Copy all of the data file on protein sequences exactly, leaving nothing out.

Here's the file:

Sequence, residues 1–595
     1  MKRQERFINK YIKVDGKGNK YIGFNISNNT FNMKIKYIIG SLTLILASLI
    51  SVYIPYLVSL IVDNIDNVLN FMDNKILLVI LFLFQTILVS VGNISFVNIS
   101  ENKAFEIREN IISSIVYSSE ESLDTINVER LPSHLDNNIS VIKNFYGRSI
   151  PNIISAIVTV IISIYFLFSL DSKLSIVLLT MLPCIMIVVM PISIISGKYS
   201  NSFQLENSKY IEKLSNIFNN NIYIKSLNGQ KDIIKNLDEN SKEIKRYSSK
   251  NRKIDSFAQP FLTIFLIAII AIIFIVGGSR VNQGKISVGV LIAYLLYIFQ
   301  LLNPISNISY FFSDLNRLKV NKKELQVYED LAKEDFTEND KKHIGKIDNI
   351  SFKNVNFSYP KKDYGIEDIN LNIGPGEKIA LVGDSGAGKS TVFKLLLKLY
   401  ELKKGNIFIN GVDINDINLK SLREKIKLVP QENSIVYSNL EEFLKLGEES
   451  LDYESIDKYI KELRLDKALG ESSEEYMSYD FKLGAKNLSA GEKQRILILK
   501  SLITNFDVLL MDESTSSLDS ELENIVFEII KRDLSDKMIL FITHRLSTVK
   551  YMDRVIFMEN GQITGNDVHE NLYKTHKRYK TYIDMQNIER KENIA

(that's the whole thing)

Sequence, residues 1–595
     1  MKRQERFINK YIKVDGKGNK YIGFNISNNT FNMKIKYIIG SLTLILASLI
    51  SVYIPYLVSL IVDNIDNVLN FMDNKILLVI LFLFQTILVS VGNISFVNIS
   101  ENKAFEIREN IISSIVYSSE ESLDTINVER LPSHLDNNIS VIKNFYGRSI
   151  PNIISAIVTV IISIYFLFSL DSKLSIVLLT MLPCIMIVVM PISIISGKYS
   201  NSFQLENSKY IEKLSNIFNN NIYIKSLNGQ KDIIKNLDEN SKEIKRYSSK
   251  NRKIDSFAQP FLTIFLIAII AIIFIVGGSR VNQGKISVGV LIAYLLYIFQ
   301  LLNPISNISY FFSDLNRLKV NKKELQVYED LAKEDFTEND KKHIGKIDNI
   351  SFKNVNFSYP KKDYGIEDIN LNIGPGEKIA LVGDSGAGKS TVFKLLLKLY
   401  ELKKGNIFIN GVDINDINLK SLREKIKLVP QENSIVYSNL EEFLKLGEES
   451  LDYESIDKYI KELRLDKALG ESSEEYMSYD FKLGAKNLSA GEKQRILILK
   501  SLITNFDVLL MDESTSSLDS ELENIVFEII KRDLSDKMIL FITHRLSTVK
   551  YMDRVIFMEN GQITGNDVHE NLYKTHKRYK TYIDMQNIER KENIA